In fine, the gossips of that day believed—and Mr. Surveyor Pue, who made investigations a century later, believed-and one of his recent successors in office, moreover, faithfully believes—that Pearl was not only alive, but married, and happy, and mindful of her mother; and that she would most joyfully have entertained that sad and lonely mother at her fireside.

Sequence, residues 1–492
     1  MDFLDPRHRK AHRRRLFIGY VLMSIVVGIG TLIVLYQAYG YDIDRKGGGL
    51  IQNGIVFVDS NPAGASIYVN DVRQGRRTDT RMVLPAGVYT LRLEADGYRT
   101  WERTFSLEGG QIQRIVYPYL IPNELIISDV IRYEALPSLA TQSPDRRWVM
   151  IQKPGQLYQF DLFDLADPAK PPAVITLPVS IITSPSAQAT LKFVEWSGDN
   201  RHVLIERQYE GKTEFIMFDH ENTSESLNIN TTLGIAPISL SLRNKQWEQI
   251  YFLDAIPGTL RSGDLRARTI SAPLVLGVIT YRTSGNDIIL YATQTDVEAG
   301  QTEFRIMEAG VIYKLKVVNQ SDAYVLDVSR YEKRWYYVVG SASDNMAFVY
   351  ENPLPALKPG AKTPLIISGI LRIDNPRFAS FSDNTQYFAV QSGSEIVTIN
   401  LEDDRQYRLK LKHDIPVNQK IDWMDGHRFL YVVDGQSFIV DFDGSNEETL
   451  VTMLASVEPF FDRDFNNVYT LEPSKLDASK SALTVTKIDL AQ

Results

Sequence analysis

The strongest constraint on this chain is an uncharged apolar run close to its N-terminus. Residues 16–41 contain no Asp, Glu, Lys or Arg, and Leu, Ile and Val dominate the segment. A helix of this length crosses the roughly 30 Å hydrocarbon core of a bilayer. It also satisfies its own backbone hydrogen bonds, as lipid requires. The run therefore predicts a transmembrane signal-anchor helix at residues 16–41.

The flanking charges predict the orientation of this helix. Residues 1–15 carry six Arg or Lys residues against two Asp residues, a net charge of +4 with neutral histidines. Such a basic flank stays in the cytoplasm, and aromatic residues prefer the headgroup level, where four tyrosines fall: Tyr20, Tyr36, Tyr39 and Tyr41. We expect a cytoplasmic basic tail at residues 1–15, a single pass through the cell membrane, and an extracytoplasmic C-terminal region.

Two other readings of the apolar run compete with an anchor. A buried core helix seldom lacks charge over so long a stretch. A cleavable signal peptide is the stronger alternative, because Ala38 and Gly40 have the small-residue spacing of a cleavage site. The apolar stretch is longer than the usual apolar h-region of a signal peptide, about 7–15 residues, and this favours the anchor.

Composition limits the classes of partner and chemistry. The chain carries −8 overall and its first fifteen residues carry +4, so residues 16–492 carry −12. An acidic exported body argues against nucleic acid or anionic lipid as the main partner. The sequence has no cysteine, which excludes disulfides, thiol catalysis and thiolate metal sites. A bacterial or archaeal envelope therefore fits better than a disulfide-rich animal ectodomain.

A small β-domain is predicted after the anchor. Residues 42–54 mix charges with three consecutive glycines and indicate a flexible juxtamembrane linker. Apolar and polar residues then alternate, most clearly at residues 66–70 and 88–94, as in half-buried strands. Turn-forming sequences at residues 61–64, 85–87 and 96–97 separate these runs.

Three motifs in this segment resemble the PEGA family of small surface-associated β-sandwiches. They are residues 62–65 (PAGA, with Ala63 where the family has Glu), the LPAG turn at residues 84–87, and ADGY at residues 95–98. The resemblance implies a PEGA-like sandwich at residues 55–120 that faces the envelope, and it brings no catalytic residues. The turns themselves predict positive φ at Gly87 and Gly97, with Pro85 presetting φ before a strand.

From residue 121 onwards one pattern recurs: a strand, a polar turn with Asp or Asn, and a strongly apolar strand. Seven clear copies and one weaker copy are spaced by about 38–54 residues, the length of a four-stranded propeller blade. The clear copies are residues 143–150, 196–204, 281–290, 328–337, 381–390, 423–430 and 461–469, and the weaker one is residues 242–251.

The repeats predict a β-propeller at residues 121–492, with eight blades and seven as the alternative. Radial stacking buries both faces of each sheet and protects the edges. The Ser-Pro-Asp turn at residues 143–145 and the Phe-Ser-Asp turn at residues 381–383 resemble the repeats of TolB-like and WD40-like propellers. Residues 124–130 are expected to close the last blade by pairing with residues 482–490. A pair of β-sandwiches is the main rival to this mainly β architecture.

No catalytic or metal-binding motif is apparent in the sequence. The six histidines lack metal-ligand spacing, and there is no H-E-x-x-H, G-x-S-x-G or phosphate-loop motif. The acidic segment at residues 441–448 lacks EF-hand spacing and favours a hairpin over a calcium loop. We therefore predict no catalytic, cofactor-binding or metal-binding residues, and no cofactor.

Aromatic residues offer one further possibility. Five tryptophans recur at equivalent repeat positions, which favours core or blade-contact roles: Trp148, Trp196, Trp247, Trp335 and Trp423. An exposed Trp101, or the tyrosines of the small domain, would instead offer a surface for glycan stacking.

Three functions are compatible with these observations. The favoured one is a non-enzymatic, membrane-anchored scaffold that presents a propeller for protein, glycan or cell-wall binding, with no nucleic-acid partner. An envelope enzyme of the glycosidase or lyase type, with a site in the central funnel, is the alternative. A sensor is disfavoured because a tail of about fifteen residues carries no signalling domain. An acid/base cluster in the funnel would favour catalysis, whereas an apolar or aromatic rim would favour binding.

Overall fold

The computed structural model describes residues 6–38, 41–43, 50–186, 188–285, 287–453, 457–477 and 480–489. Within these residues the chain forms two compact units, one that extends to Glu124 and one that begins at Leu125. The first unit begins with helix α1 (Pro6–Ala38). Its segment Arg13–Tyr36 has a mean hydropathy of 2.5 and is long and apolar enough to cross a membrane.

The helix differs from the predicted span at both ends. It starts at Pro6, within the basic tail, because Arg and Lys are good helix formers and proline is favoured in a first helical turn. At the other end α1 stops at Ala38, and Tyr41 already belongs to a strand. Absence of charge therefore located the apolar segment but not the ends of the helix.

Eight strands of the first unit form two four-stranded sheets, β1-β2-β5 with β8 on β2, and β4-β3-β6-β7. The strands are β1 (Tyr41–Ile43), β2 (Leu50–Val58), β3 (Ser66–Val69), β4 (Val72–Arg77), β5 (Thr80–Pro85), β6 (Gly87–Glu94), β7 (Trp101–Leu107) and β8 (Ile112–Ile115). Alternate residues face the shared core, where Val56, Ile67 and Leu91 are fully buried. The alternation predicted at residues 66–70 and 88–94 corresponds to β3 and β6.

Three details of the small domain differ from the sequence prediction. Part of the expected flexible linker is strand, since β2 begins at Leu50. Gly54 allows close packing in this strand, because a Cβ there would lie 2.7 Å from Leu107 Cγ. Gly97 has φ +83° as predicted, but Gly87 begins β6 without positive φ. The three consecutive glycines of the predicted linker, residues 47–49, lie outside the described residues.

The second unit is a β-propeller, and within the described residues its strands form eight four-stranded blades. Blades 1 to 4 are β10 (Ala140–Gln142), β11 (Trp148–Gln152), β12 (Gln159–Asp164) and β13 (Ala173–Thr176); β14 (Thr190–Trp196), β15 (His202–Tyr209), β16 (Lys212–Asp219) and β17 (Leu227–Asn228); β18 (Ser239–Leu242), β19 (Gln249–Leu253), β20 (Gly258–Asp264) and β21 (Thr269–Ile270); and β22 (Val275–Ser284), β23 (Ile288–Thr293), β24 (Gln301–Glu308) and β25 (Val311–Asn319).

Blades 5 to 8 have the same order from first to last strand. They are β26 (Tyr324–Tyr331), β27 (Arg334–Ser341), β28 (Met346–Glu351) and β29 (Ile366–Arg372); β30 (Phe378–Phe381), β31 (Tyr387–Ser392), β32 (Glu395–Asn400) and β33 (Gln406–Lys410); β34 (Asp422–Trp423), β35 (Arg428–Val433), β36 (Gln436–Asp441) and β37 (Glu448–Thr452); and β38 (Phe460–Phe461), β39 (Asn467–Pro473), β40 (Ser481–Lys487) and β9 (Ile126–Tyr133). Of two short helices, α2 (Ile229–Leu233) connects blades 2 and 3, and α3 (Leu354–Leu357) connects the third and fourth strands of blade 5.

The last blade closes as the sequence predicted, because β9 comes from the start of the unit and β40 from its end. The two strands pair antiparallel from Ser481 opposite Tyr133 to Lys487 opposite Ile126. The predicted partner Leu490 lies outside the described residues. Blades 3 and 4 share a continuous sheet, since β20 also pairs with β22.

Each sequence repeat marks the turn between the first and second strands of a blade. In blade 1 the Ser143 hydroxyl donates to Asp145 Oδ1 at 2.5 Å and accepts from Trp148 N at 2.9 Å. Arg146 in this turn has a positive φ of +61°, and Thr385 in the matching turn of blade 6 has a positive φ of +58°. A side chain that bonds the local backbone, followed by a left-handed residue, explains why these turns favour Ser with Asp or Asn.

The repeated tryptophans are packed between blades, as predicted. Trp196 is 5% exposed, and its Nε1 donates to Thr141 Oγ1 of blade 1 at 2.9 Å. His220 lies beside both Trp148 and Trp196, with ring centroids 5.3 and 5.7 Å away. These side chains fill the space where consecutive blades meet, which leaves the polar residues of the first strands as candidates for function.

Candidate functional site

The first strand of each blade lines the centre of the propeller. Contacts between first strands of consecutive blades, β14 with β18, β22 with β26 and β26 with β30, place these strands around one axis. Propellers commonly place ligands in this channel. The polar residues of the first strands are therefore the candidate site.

But there was a more real life for Hester Prynne here in New England than in that unknown region where Pearl had found a home. Here had been her sin; here, her sorrow; and here was yet to be her penitence. She had returned, therefore, and resumed-of her own free will, for not the sternest magistrate of that iron period would have imposed it-resumed the symbol of which we have related so dark a tale. Never afterwards did it quit her bosom. But, in the lapse of the toilsome, thoughtful, and self-devoted years that made up Hester's life, the scarlet letter ceased to be a stigma which attracted the world's scorn and bitterness, and became a type of something to be sorrowed over, and looked upon with awe, yet with reverence too. And, as Hester Prynne had no selfish ends, nor lived in any measure for her own profit and enjoyment, people brought all their sorrows and perplexities and besought her counsel, as one who had herself gone through a mighty trouble. Women, more especially–in the continually recurring trials of wounded, wasted, wronged, misplaced, or erring and sinful passion-or with the dreary burden of a heart unyielded, because unvalued and unsought-came to Hester's cottage, demanding why they were so wretched, and what the remedy! Hester comforted and counselled them, as best she might. She assured them, too, of her firm belief, that, at some brighter period, when the world should have grown ripe for it, in Heaven's own time, a new truth would be revealed, in order to establish the whole relation between man and woman on a surer ground of mutual happiness. Earlier in life, Hester had vainly imagined that she herself might be the destined prophetess, but had long since recognized the impossibility that any mission of divine and mysterious truth should be confided to a woman stained with sin; bowed down with shame, or even burdened with a lifelong sorrow. The angel and apostle of the coming revelation must be a woman, indeed, but lofty, pure, and beautiful; and wise, moreover, not through dusky grief, but the ethereal medium of joy; and showing how sacred love should make us happy, by the truest test of a life successful to such an end!